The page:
FLORENCE, Italy — Little-known fact: Dogs are clotheshorses.
In a thriving marketplace for pet apparel that was valued at $5.7 billion in 2021, dog owners account for a majority of sales. Common sense suggests that the bulk of that expenditure goes to leashes, harnesses and collars. Yet as it turns out, T-shirts and sweaters are a startlingly robust canine growth sector. And let’s not forget about coats.
These were some takeaways from Day 1 at Pitti Uomo, the men’s wear trade fair held in Florence every January and June. And what, one may ask, does Rover’s turtleneck have to do with an event best known for attracting flocks of vain male humans disporting themselves in wackadoodle plumage?
It is that, for the first time, Pitti Uomo devoted a pavilion inside the 16th-century Fortezza da Basso to showcasing animal apparel, and why not? Cats and dogs make up the greater percentage of the hundreds of millions of pets on the planet. And it is largely feline and canine markets that are driving a boom in pet apparel (guppies, parakeets and guinea pigs tending to look better naked).
Among the factors credited with driving market growth are increased urbanization, an overall uptick in disposable income and societal shifts that give pets parity with — and, often enough, priority over — family members. Thus we now see a proliferation of pet-centric brands like Moshiqa, which has been spotted on Lady Gaga’s French bulldogs, as well as Max Bone, PetHaus, Wagwear, Muttropolis, Vanderpump Pets and a raft of other pricey canine offerings from luxury goods houses like Barbour, Ralph Lauren and Gucci.
Surprisingly, it was not the marquee high-end labels — with their $655 logo harnesses (Moncler) or $300 four-legged, fleece-collared blanket-plaid coats (Dsquared2) or $540 patterned woolen hippie ponchos (Alanui), all made in collaboration with Poldo Dog Couture — that brought their wares to Florence.
Instead, for this modest debut, the Pitti Pet pavilion was given over to 15 stands in a pavilion designed by the architect Ilaria Marelli and featuring mostly plucky indies like the Painter’s Wife from Spain or midsize brands like Lollipet and DuePuntoOtto (with a line of dot-patterned dog coats and beds designed by the Italian architect and design deity Paola Navone), each clamoring to claim a share of what remains a nascent sector.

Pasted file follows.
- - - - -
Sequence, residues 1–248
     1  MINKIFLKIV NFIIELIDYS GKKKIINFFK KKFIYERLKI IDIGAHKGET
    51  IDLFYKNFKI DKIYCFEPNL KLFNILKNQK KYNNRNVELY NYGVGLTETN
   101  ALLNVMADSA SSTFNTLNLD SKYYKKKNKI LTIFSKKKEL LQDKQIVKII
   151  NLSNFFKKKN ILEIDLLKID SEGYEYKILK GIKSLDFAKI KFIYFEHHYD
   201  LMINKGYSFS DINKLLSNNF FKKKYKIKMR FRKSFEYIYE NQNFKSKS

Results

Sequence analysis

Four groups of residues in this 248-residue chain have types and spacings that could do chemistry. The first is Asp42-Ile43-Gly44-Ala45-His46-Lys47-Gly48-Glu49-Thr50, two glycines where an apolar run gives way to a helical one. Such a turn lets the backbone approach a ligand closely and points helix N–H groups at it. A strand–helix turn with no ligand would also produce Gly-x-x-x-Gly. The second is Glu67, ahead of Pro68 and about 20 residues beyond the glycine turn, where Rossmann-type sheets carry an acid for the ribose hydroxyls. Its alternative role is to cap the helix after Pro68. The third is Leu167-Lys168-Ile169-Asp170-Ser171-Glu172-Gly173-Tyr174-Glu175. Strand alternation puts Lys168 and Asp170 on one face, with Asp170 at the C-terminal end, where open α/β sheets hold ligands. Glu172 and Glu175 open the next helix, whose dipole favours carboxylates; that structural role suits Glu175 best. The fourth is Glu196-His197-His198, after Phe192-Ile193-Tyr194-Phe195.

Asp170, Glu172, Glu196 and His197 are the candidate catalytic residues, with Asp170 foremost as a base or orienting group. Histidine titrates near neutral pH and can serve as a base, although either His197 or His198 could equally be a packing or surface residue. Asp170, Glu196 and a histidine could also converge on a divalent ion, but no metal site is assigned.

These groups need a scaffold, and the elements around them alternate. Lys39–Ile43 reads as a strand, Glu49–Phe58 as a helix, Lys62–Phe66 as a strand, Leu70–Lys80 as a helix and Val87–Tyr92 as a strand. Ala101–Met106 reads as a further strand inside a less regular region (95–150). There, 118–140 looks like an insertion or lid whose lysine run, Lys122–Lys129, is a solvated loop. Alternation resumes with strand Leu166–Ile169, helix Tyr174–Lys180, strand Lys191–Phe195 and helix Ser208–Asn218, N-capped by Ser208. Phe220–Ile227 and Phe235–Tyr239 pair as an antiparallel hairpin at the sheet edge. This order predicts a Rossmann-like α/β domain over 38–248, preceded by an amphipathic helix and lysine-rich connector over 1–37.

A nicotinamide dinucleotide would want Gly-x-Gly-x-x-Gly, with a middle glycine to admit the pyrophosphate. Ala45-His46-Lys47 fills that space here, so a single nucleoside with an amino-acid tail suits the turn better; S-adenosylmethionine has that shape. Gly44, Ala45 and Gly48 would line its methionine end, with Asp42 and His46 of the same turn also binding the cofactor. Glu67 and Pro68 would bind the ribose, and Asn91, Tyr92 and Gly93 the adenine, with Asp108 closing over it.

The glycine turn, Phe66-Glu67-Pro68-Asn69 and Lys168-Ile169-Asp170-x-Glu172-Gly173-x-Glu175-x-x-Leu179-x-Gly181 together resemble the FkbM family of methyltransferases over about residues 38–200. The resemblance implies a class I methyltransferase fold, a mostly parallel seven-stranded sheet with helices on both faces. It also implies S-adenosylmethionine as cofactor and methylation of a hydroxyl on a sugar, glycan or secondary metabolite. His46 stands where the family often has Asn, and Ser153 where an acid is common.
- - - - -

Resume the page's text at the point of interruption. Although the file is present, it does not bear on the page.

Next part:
Was there silliness? Since we are talking about creatures perfectly clad as nature made them, there was. Was considerate design required of garments essentially comprising a top seam, a belt and apertures for head and tail? Oddly, the answer was yes. While one display featured crinolines that would test the dignity of any canine, purebred or mutt, another offered a back-belted doggie car coat inspired by one Hubert de Givenchy created for Audrey Hepburn to wear in “Breakfast at Tiffany’s.” As did Holly Golightly’s, this one had bracelet-length sleeves.
“It’s huge and it’s growing,” the Lollipet designer Sonia Staccioli said of the market for outerwear like the pieces she had brought along, jackets and coats made from metallic fake leatherette, faux fur and a nubby Casentino wool produced for centuries at several small and now imperiled Tuscan mills.
When a reporter inquired of Ms. Staccioli, whose Bracco Italiano hunting dog, Ugo, strained at his leash, how making clothes for customers with four legs and little say in their choice of apparel differed from designing for notoriously picky humans, she shrugged.
“It’s basically the same,” she said, “except with dogs you don’t have to listen to their opinion.”